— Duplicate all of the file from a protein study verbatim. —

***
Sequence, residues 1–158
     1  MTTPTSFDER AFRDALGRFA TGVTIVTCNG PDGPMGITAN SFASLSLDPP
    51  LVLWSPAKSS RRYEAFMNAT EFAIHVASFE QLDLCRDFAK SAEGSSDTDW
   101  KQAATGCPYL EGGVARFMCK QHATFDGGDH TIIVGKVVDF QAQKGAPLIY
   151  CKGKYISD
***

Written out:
Sequence, residues 1–158
     1  MTTPTSFDER AFRDALGRFA TGVTIVTCNG PDGPMGITAN SFASLSLDPP
    51  LVLWSPAKSS RRYEAFMNAT EFAIHVASFE QLDLCRDFAK SAEGSSDTDW
   101  KQAATGCPYL EGGVARFMCK QHATFDGGDH TIIVGKVVDF QAQKGAPLIY
   151  CKGKYISD